BY: DAVID J. NYGREN, CM, MA, MDiv, PhD
Fr. Nygren is corporate board effectiveness leader, principal, Mercer Delta, LLC.
With Sponsorship at a Crossroads, Navigating Change Becomes Vital
of church ministry refers to the unique relationship of oversight, endorsement,
or support by a group that commits itself to advancing the ministry of Jesus.
Sponsorship is a call and a response to advance the love of God manifest in
Jesus and in a ministry of the church. The response, born in profound trust
and confidence in providence, implies that the person or group entrusted with
the ministry can attest to its worthiness. The sponsor is responsible for interpreting
institutional fidelity to its founding intent and for suggesting modification
to its form or configuration to ensure its continued vitality, relevance to
those served, and worthiness of public trust.
When we say that religious congregations
sponsor health care ministries, we assume a common understanding of the term.
Catholic health care has used the term "sponsorship" to define the unique relationship
between the founding congregation and its works. Hospitals, systems, and other
corporations founded and endorsed by the congregation often carry the name of
the congregation. The congregation sponsors the ministry. The evolution of sponsorship,
however, has not kept up with reality and has led to considerable heartache
within the health care ministry.
Not so long ago, sponsorship of an institution
implied a direct relationship between the congregation and the ministry. Often
the name carried the brand, so to speak. Mercy Health System, the Daughters
of Charity National Health System, and Alexian Brothers Hospital triggered a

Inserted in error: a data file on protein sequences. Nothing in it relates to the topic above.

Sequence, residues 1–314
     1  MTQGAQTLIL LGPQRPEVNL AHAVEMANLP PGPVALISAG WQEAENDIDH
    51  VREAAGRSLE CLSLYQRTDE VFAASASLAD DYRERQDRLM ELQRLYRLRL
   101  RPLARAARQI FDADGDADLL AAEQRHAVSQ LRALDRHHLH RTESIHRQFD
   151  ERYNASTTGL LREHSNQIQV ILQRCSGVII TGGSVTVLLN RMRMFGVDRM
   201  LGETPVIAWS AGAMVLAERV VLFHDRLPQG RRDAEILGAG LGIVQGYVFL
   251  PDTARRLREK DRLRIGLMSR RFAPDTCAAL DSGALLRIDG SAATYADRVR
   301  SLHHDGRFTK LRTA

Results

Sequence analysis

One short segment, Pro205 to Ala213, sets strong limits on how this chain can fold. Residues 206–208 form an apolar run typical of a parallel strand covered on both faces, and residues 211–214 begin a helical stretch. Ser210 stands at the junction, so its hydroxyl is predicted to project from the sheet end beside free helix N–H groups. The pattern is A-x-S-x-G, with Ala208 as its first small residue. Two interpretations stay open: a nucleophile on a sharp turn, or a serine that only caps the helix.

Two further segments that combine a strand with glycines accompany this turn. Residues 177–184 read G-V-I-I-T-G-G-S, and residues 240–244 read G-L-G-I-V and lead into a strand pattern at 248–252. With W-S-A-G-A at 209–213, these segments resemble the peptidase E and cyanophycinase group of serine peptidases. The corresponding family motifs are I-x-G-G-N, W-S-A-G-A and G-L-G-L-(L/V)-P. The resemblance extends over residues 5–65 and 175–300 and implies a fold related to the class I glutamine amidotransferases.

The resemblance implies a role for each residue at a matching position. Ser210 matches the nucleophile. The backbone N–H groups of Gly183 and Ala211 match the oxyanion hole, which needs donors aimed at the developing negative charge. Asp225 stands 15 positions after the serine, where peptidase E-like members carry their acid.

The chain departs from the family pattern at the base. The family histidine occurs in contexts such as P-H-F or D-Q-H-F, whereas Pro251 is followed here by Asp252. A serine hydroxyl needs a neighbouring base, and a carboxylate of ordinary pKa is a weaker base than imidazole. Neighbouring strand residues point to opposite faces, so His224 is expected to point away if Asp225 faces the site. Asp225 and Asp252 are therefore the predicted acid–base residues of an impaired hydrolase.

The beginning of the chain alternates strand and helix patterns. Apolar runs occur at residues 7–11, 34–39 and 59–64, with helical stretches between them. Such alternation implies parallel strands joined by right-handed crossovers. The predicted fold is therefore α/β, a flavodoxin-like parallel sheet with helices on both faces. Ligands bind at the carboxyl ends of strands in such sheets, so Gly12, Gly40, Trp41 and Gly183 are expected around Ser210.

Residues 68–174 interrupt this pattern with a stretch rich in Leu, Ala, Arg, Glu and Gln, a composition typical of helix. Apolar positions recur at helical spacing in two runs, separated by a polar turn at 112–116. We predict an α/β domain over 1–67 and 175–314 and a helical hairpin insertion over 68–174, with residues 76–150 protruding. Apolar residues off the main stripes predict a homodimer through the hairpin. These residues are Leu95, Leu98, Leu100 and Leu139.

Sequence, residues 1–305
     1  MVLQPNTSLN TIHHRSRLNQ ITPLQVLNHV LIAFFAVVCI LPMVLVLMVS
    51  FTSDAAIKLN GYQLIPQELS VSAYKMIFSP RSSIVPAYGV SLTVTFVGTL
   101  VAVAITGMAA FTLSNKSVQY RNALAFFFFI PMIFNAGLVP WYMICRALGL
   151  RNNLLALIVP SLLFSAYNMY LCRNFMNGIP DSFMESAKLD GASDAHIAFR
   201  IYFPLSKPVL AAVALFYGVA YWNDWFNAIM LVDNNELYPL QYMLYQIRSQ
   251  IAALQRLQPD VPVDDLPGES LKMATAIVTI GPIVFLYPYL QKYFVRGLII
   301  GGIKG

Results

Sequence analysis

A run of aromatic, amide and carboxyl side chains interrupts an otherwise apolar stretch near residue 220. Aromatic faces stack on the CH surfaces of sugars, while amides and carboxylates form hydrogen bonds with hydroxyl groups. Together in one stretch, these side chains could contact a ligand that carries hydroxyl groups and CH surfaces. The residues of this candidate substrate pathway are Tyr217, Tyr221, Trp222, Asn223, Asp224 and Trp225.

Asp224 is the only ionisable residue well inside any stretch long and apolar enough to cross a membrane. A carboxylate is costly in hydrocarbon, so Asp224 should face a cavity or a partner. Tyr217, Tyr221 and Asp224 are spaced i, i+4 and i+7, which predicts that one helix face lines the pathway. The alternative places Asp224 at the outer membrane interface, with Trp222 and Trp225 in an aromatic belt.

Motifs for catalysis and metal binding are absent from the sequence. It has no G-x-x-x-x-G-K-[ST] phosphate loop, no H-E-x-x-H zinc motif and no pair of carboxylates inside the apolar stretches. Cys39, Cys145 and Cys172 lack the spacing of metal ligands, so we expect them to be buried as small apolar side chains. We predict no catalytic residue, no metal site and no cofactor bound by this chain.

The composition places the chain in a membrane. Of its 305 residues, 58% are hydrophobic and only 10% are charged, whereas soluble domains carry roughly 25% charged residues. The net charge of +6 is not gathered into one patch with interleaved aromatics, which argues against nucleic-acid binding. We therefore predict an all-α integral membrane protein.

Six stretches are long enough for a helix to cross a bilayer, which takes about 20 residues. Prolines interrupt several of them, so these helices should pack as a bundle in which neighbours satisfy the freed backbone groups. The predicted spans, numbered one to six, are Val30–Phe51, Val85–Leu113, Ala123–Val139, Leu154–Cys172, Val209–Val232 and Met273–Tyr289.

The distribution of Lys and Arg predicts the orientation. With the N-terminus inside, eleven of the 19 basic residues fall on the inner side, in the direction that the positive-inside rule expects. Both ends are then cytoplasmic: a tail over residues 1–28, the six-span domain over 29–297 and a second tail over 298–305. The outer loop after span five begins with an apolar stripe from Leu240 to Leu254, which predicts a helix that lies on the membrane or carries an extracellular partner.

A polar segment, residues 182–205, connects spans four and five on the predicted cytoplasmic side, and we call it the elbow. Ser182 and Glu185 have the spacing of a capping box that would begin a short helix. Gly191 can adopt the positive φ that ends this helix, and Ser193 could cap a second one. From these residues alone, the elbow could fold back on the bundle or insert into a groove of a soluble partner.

firm image in any church member's mind. At the very least, the name implied
the organization's founder or religious character, even to people who were total
strangers to Catholicism. To those involved in the work of health care, moral
connotations such as respectability, legal control, and values may have been
evident. Employees often understood the importance of the congregation's tradition
on the type and quality of service provided, special care given to spiritual
needs, or care for the poor. Insiders referred to that special gift of the order's
tradition to the institution as the charism.
In recent years, systems aggregated hospitals
by markets, incorporated Catholic and community hospitals, and rapidly created
large faith-based enterprises that looked as much like big business as ministry.
Obligated groups convened, assets were commingled, and system names were changed.
Congregations quickly determined that alternatives to this rapid evolution were
limited. Ironically, however, many Catholic sponsors continued to compete or
isolate their ministries rather than combine charisms and "lose their identity."
Some did so at their own peril. Others survived this wave of consolidation and
have generally held on to a sole sponsorship model.
Sponsorship describes reasonably well the
unique relationship between a congregation and its ministry. Does it continue
to hold when describing the relationship of a congregation in either multisponsored
ministries or within the public juridic person construct of ministerial oversight?
Less so, I believe. But even in these configurations the local ministry retains
much of the character, identification, and values of the founding congregation.
Multisponsored Hospital Systems
For all their great intent and actual
success in delivering on their promise, cosponsorship of ministry takes time,
trust, and constant renewal of conviction. Congregations making a commitment
to one another to share in the sponsorship of ministry think in evolutionary
terms. They generally believe that their charism will be sustained through the
transition into the new organizational form. Even when individual group dynamics
have already been formed, new group dynamics emerge while the ink is drying
on the contract. The old structure is disrupted, and theological assumptions